Today is my day-off. It is also the second day of the Islamic month of fasting. Every week most of my teammates and I take Monday off. It’s like my Saturday if I had a 9-5 in the states. We get to do whatever we need to recharge, to relax and sometimes just to get away, as much as possible, from the difficulties of living in another culture.
For me this usually means waking up a little later, lounging around in bed, watching Hulu or Netflix, reading a novel, possibly cooking something yummy and eventually making my way to a teammate’s house for food, games and/or a movie. Every week is a little different depending on who wants to do what or what kind of mood I’m in: social introvert or introvert introvert.
The one thing that each Monday has in common is that I try not to do anything “island-y”. I do my best to avoid speaking local language. I don’t eat island food. And I don’t hang out with islanders. I retreat into my own imaginary Western world of personal entertainment and English language speaking.
Today started off a little differently. I woke up at 4am before the call to prayer. I stumbled to the refrigerator and shoveled some yogurt down my throat before falling back in bed. While I am not following the fast exactly as my neighbors (I think it’s dangerous to not drink water all day in this climate), I am trying to experience it as closely as possible. This means if I want to eat something in the morning, it must happen before the morning call to prayer usually between 4:15-4:30am.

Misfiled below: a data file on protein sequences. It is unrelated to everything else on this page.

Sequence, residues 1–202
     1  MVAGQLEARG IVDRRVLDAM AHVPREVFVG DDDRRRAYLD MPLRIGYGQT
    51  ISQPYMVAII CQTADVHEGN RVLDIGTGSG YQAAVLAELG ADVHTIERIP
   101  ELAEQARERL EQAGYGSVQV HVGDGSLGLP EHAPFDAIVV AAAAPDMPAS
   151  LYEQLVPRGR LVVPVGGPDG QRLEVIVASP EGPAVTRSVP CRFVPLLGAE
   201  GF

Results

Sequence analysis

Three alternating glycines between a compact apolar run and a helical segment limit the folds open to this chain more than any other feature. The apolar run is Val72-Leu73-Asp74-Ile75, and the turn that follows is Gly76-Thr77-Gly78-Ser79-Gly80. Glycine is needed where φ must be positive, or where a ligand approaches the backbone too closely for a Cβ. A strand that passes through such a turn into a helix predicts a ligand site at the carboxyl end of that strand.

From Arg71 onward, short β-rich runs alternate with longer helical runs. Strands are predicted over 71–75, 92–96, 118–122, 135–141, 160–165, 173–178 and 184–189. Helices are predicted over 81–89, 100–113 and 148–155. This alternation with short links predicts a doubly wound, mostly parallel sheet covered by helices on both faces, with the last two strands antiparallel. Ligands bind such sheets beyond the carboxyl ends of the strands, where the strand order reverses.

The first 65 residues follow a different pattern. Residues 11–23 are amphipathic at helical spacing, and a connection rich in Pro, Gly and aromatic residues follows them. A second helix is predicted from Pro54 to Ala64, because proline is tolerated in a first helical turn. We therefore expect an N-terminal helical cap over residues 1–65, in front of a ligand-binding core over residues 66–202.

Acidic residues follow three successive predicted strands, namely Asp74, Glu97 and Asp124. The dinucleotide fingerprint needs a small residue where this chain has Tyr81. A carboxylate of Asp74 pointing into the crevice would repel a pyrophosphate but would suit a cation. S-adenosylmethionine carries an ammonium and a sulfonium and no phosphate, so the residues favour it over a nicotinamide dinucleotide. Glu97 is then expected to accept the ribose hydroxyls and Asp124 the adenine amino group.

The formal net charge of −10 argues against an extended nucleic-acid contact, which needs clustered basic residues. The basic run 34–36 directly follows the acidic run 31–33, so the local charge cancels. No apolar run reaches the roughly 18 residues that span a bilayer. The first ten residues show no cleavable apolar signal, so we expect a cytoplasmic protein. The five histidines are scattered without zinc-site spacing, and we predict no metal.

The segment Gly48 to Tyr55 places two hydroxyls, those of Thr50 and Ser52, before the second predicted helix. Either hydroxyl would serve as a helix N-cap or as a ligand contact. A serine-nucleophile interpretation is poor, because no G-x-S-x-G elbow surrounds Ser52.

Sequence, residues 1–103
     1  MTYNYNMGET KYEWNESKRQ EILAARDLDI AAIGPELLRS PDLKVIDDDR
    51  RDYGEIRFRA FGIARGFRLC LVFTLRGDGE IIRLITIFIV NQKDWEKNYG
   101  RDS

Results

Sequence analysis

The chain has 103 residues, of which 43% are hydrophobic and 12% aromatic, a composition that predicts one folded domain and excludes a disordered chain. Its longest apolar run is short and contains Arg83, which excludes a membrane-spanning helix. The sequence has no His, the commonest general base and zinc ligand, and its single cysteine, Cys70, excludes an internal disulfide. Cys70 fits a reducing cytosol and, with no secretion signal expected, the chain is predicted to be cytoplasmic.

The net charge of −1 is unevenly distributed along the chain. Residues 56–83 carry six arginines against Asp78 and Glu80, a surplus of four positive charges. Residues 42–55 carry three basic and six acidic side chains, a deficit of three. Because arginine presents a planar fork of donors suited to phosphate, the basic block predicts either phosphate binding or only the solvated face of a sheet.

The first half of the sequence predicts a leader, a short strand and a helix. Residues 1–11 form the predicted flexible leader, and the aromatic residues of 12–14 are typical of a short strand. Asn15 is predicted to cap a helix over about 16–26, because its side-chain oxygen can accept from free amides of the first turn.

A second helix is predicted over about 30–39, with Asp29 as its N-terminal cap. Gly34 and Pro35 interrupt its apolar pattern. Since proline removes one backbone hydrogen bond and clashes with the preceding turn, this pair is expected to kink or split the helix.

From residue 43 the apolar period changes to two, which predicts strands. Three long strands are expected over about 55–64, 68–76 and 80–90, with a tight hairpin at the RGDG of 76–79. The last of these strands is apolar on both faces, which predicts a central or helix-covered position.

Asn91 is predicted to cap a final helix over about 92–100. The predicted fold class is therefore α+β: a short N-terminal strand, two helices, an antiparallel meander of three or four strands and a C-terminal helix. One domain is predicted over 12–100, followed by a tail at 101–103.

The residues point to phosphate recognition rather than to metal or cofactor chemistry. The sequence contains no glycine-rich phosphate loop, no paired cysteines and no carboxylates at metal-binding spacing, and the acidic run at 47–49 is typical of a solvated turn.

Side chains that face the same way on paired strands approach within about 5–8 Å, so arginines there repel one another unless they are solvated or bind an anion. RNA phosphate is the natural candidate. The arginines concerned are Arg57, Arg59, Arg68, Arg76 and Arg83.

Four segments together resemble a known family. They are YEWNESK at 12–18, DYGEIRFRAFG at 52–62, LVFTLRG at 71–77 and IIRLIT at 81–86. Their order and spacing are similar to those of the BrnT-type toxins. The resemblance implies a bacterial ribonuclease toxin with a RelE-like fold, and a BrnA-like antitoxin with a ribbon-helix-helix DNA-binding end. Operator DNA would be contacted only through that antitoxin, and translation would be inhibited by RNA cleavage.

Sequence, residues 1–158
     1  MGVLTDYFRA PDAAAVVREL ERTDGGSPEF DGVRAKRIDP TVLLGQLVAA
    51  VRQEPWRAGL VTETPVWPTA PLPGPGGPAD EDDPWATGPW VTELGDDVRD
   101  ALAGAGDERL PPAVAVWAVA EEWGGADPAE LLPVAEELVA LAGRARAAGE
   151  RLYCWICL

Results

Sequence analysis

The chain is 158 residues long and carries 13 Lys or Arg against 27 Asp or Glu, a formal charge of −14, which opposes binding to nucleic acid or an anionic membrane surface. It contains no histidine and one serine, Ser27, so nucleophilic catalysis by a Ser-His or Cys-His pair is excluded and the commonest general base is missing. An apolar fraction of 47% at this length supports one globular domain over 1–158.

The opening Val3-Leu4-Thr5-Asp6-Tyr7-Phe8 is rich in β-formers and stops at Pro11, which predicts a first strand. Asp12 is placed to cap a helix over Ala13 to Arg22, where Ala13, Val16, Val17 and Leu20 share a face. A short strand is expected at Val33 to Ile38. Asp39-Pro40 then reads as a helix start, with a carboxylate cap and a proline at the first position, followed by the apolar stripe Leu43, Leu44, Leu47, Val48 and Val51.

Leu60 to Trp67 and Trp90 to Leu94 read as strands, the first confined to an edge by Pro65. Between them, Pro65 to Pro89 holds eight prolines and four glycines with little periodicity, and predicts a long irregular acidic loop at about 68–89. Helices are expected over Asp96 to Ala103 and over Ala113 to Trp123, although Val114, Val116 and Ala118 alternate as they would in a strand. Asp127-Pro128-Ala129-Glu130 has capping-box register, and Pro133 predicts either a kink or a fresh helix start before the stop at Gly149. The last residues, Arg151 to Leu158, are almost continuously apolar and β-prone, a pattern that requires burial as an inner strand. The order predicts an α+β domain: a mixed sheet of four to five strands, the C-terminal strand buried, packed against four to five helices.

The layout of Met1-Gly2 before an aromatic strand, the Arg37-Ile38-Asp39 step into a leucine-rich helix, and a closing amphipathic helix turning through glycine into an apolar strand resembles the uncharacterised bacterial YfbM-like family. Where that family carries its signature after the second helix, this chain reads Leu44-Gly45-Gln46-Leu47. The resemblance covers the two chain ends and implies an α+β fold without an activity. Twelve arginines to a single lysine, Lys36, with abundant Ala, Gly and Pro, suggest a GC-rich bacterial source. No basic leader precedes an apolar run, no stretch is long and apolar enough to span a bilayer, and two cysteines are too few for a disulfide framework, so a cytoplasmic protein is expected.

I then slept in until 9:15am. It is the first time I’ve actually slept that late since arriving here. It’s a wonder what earplugs are capable of shielding us from because when I awoke I discovered that Indzia, my mischievous cat, had practically destroyed my room. Scarves were dragged haphazardly around the room, napkins had been torn and littered the floor, bits of food from a party last night were scattered over my desk. Sigh.
Shortly after waking I received a text message from my language/house helper. She wanted to know where I was so she could come and talk to me about a missing skirt of mine. She normally works on Tuesdays so I told her not to bother coming over, I would see her tomorrow; it wasn’t a big deal. An hour later…. she was at my door. I quickly threw on some half decent clothes and charged downstairs to let her in. My neighbor, a 19 year old who’s in the third day of taking the notorious baccalaureate, was waiting for me as well. She needed help studying for the English portion of the exam.
I invited them both upstairs and began talking to my helper. Come to find out, she came to tell me that she is not coming tomorrow because her neck hurts. She can’t even turn her head. Why she couldn’t have just texted this to me, I do not know. But since she was here I decided to do what I could to help. I called a teammate who is a trained massage therapist and I gave her some ibuprofen. Then I turned my attention to my neighbor. Her English is non-existent. Her French is not much better. And yet she really is trying to pass the English portion of a difficult French exam. She had a sample text with questions and we went over it together.
Once my teammate arrived at my house, she gave my helper a neck message, advice on stretching and directions to drink water. I then gave her a frozen bottle of water to put under her neck and she promptly fell asleep on my couch. She is still there…three hours later.
Under normal circumstances, I would view today as an utter failure as a day-off. Having islanders in my house is work, right? Helping someone study English is my job. With an islander sleeping on my couch I am not free to walk around my house in shorts. The horror! I can’t cook anything delicious. This is my day off!
But I don’t feel that way. I was happy to have them here. It provided a distraction from my grumbling stomach but more than that I knew that their stomachs were protesting as well. Together we are sharing this experience. They can ask, how is fasting? And I can respond, it goes well. On my day off, my day to get away, I actually feel closer to the island people than ever before. And so I count this day as a success.